When I say anger is bullshit I don’t mean that it has no purpose or that we should reject it in ourselves or ban it or something. What I mean is that anger is pure bias, it’s made up of self-defensive thinking that will never tell us the truth. So while it’s a great trigger for prompting action, there is no sense in justifying it or indulging in it.

karen November 14, 2011 at 4:06 pm

I switched from method 1 to reminding myself each morning that “this person has issues around jealousy and insecurity. These issues are not my problem” – with a person I see every day.
I no longer come home from work fed up and frustrated. It has changed and improved the whole relationship. I am no longer invested in it.

David November 14, 2011 at 9:37 pm

Hi Karen. That’s a great way of putting it: these issues are not my problem. It’s a real turnaround in thinking, as you already know.

Nitya November 14, 2011 at 4:46 pm

These are very wise words , indeed. It’s probably a lot easier said than done, but the prospect of taking action rather than just seething with anger, is extremely positive and constructive. Your article really made me pause for thought.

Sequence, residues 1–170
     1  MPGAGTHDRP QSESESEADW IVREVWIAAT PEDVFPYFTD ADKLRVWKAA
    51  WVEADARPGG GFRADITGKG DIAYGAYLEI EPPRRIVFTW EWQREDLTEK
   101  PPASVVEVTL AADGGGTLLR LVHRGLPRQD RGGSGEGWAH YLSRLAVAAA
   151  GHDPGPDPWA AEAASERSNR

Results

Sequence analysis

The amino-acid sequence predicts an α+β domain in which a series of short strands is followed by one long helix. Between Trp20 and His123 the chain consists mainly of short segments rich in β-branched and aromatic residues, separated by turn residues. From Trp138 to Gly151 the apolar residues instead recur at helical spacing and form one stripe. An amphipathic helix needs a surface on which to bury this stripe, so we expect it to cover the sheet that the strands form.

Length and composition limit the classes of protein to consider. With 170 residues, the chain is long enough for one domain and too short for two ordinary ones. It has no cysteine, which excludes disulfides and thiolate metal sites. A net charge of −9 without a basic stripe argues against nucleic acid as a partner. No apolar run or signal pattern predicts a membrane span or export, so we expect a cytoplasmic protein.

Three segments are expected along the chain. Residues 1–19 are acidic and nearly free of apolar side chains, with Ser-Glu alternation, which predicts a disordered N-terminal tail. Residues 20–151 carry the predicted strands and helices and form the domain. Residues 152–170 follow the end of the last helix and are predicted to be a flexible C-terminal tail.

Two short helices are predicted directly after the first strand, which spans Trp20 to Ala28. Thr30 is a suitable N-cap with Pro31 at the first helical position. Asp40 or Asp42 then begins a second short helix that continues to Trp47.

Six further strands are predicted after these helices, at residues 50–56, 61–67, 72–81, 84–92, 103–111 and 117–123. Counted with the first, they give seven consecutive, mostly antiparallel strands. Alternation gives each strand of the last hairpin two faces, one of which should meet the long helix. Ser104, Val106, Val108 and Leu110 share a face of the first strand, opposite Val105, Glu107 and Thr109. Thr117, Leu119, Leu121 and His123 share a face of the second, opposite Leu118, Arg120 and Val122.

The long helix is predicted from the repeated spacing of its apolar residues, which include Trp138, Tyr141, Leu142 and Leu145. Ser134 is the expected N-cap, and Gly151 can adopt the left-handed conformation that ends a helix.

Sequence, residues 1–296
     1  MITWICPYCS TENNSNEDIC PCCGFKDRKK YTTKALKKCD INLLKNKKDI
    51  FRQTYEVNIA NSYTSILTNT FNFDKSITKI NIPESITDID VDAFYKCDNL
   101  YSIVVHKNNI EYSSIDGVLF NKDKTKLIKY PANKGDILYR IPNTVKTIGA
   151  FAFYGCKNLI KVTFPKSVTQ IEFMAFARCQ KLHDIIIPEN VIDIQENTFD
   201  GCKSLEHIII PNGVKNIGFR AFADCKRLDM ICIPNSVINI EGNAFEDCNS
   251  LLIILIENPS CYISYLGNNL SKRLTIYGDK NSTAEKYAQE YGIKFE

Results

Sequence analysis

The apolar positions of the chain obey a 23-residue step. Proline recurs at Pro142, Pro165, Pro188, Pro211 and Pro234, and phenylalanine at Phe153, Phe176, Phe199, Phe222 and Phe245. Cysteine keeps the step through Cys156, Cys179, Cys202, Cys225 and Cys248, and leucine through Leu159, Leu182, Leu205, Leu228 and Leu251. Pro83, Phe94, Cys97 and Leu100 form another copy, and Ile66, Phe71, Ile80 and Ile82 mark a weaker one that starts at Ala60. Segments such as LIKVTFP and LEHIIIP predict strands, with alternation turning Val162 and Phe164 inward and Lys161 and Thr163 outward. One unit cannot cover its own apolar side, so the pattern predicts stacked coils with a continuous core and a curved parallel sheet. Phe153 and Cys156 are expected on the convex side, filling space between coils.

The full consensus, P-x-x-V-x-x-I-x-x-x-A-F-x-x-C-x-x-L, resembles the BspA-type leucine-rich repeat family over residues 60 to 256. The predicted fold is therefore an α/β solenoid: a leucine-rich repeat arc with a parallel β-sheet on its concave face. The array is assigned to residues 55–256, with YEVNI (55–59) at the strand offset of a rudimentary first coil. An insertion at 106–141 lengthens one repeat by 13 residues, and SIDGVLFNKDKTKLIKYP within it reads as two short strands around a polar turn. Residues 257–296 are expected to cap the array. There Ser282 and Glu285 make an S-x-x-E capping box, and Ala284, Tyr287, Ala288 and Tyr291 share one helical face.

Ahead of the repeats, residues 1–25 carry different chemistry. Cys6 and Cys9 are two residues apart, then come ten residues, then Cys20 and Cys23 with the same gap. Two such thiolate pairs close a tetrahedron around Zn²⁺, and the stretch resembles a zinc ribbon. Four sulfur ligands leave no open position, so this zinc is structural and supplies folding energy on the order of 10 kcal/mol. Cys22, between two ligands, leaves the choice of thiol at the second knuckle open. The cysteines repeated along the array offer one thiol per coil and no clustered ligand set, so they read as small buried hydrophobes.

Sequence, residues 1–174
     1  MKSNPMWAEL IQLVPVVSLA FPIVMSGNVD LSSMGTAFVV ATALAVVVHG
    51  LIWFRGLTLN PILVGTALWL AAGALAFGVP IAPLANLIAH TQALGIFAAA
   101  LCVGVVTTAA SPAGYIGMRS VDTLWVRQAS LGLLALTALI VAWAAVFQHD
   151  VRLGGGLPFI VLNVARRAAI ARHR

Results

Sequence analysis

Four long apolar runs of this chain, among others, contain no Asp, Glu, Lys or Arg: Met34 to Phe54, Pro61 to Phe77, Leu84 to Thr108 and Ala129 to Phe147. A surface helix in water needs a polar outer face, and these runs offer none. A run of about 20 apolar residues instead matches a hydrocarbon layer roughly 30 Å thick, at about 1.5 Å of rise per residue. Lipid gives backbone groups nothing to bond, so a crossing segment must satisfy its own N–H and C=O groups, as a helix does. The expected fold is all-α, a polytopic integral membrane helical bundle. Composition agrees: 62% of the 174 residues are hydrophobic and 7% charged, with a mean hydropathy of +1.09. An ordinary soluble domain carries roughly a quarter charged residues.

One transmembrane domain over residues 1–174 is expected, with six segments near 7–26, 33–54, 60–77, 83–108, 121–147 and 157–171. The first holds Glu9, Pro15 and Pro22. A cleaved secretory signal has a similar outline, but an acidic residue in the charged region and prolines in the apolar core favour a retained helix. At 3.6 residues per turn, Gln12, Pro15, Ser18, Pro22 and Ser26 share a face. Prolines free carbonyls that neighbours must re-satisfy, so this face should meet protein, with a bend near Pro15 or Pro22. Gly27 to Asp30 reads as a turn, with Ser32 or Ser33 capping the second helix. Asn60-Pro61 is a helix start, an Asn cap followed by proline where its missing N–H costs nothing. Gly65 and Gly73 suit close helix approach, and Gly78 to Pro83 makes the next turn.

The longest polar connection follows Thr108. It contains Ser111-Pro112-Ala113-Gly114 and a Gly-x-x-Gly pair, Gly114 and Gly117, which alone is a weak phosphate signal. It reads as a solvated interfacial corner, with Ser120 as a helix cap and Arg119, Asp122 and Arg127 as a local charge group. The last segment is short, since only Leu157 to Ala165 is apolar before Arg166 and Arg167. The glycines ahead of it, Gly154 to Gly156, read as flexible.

I enjoyed the comment on Marcus Aurelius, as well.

David November 14, 2011 at 9:52 pm

Thanks Nitya. Yes, easier said than done, like anything. But I have found the “justify action, never anger” refrain really helps to translate the concept of it to actual moments where you can apply it.

nickyO November 14, 2011 at 6:14 pm

I once met a woman who had a theme for every year instead of resolutions. I thought it was a great idea and stole it. My theme for this year turned into “solutions, not blame.” It fits well with your idea of deciding whether you are going to take action or not. It’s been incredibly helpful for me so far.

I also attended a workshop on the Wakanheza Project, which is a method for dealing with difficult people, originally designed to help reduce child abuse. Some of it’s principals are to recognize your initial judgments, realize that the angry/negative person has a sense of powerlessness, realize you can’t fix broken people but still can use empathy, and then be present in the moment, offering your assistance by brain storming solutions, defuse with distraction and politeness and humor, and be preemptive by creating welcoming environments. Takes a lot of practice though to make it second nature. I’m not quite there yet. ;)